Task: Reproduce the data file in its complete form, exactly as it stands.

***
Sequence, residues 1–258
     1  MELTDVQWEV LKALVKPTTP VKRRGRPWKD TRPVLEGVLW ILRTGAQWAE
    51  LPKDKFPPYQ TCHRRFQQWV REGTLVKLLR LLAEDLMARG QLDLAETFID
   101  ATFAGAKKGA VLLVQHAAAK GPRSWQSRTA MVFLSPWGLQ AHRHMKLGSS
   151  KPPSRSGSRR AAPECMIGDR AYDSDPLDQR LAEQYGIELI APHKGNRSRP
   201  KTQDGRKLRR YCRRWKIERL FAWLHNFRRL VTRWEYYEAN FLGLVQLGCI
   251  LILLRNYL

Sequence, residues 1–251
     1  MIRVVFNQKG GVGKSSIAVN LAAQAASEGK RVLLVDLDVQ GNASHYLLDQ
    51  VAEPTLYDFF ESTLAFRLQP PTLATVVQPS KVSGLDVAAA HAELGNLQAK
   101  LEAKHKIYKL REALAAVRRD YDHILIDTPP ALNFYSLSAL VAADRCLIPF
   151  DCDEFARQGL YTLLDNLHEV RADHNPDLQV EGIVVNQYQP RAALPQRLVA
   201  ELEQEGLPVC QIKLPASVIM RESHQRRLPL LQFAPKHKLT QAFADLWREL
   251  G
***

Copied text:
Sequence, residues 1–258
     1  MELTDVQWEV LKALVKPTTP VKRRGRPWKD TRPVLEGVLW ILRTGAQWAE
    51  LPKDKFPPYQ TCHRRFQQWV REGTLVKLLR LLAEDLMARG QLDLAETFID
   101  ATFAGAKKGA VLLVQHAAAK GPRSWQSRTA MVFLSPWGLQ AHRHMKLGSS
   151  KPPSRSGSRR AAPECMIGDR AYDSDPLDQR LAEQYGIELI APHKGNRSRP
   201  KTQDGRKLRR YCRRWKIERL FAWLHNFRRL VTRWEYYEAN FLGLVQLGCI
   251  LILLRNYL

Sequence, residues 1–251
     1  MIRVVFNQKG GVGKSSIAVN LAAQAASEGK RVLLVDLDVQ GNASHYLLDQ
    51  VAEPTLYDFF ESTLAFRLQP PTLATVVQPS KVSGLDVAAA HAELGNLQAK
   101  LEAKHKIYKL REALAAVRRD YDHILIDTPP ALNFYSLSAL VAADRCLIPF
   151  DCDEFARQGL YTLLDNLHEV RADHNPDLQV EGIVVNQYQP RAALPQRLVA
   201  ELEQEGLPVC QIKLPASVIM RESHQRRLPL LQFAPKHKLT QAFADLWREL
   251  G